Sometimes wonder if mindfulness is a rural life as you stand sun on your neck casting golden shafts of hay high on a rick for hours. As I’m sure your granny would say No rest for the wicked! No that’s Hugh calling me to help in the garden
Get off that ******phone
You are right Judith, Duvet. Day by any other name serves the purpose. And of course you are right about the “nae peace … x
A delightful read, as ever! A real comforter too, like the duvet – and the odd day devoted to it. The theme of self soothing is a really vital one for this time of isolation, and you leave us contemplating the things we do to soothe ourselves when others can’t, and how we might do better at it. Thanks, Linda. Look forward to next time! X
Well, LInda, we’re usually ‘on the same page’, but not wholly with regard to ‘duvet days’. When I was working I had one particular member of staff who regularly took her duvet day,claiming it as part of the public sector generous sickness allowance. I was not amused! .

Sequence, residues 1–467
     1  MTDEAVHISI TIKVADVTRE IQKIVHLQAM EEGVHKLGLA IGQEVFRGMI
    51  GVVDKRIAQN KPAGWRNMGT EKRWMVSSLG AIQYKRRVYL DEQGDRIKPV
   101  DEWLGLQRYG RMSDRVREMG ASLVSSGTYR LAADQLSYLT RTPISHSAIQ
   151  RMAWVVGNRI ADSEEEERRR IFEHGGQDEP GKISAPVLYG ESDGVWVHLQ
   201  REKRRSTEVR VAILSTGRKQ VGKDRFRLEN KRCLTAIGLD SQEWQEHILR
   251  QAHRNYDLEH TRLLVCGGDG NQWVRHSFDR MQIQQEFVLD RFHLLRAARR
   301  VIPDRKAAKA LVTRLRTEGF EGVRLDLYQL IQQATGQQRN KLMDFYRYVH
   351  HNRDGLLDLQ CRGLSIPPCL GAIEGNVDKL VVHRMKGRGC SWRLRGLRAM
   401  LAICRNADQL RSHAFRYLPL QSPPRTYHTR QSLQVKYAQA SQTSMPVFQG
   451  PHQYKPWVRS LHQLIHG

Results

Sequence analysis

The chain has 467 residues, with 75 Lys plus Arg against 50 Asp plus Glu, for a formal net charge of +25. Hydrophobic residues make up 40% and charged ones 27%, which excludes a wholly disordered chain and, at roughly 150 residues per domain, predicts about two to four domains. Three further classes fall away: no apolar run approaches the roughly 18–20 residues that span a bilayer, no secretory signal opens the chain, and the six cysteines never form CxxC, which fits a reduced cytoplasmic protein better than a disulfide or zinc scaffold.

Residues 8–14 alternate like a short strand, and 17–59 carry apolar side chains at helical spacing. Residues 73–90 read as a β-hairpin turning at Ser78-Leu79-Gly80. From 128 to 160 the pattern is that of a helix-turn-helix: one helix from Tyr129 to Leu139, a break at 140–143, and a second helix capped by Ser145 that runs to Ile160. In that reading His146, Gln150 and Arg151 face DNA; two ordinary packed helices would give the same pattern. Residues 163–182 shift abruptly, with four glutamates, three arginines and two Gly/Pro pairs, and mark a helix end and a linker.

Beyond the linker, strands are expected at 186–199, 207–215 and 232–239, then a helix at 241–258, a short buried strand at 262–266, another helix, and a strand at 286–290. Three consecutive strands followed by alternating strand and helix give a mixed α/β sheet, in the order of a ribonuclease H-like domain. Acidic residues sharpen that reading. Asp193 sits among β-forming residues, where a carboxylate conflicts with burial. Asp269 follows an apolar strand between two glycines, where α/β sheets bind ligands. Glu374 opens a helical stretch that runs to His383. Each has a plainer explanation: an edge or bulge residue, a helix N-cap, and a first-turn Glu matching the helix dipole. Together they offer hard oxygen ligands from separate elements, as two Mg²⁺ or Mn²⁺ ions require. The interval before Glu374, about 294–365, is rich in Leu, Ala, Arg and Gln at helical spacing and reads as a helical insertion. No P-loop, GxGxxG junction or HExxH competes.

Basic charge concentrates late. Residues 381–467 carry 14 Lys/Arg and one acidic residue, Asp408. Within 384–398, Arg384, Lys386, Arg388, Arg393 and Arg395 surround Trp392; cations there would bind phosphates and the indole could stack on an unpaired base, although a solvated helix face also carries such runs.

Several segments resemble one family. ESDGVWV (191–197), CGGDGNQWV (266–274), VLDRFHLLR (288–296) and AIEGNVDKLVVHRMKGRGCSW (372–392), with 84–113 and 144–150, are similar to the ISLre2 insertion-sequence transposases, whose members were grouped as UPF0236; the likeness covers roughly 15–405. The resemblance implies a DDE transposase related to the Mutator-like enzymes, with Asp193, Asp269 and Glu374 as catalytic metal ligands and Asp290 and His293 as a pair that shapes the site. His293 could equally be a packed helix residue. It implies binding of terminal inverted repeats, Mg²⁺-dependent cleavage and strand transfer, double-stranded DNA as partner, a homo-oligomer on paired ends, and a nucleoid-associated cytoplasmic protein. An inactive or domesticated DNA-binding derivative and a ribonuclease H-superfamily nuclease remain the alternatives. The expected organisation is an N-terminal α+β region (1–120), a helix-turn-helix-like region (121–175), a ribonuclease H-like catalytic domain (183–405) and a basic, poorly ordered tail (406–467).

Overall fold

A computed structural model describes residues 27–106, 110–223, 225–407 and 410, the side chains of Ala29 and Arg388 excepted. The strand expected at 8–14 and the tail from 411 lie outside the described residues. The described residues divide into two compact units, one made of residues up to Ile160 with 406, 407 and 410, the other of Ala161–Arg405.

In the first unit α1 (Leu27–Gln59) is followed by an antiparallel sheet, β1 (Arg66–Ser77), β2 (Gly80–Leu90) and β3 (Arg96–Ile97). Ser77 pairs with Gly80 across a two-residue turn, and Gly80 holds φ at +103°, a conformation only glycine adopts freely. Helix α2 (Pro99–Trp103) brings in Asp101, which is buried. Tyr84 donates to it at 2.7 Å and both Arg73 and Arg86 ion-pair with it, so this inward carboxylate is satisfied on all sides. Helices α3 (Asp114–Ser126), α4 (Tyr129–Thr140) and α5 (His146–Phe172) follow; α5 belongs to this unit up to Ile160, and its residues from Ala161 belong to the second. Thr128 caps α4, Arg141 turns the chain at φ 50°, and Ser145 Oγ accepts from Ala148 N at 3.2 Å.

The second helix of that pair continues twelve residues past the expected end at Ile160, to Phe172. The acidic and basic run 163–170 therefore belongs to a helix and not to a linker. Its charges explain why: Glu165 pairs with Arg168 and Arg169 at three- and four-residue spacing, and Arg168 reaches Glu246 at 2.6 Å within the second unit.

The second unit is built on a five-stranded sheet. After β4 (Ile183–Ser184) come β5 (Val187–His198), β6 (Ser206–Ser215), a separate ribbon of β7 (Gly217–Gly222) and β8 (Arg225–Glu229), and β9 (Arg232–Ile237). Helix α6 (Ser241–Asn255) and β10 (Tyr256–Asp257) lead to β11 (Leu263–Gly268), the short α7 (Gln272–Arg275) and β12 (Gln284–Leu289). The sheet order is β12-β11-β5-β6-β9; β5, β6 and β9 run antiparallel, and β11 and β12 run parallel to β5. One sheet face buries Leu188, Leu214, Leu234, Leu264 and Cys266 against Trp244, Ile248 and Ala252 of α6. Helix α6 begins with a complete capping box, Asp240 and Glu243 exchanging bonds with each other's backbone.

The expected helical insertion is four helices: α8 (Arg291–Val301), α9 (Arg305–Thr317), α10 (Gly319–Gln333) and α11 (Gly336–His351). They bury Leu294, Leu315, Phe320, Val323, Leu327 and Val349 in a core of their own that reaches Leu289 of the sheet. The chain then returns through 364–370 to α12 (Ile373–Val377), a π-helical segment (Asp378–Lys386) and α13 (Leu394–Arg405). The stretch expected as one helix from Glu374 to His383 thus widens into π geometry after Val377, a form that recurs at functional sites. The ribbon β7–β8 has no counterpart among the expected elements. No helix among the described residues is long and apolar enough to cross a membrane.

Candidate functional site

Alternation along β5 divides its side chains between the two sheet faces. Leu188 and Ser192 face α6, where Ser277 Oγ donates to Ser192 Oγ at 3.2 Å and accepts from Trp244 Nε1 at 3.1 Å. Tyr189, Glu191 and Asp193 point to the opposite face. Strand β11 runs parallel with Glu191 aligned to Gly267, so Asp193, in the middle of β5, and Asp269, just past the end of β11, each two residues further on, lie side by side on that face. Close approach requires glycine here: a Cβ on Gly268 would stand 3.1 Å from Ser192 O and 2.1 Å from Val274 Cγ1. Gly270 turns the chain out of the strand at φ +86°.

On the other hand in retirement and in the current situation, when every day could be a duvet day, there are pros and cons. Great to have the time and flexibility to do just what you would like to do, which is a huge benefit of retirement. But having it forced upon me in lock down makes me hanker for my old routine however pedestrian it may have been.. Zoom meetings,on line scrabble, WhatsApp messages and the ‘to do’ list with very little crossed off just don’t hit the mark. As my mother, who would have said, ‘You can have too much of a good thing.’
However, one thing I can identify with is the frustration of the dance with the duvet cover – definitely a fandango!
Hi Trish, Thanks for your always welcome comments. I understand what you’re getting at but, I was thinking that there must be many out there working, who, if they can’t or don’t take a step back, will likely drop.
The initial drive to make certain all this free time would not be wasted, led to a frenzy to sign up and log in to both the familiar and the new. A bit of time out might just offer an opportunity for a period of peace and quiet, or whatever it is that helps to re-energise.
I guess the hardest thing is that, no matter how we choose to use the time, it has been forced upon us whether we want it or not.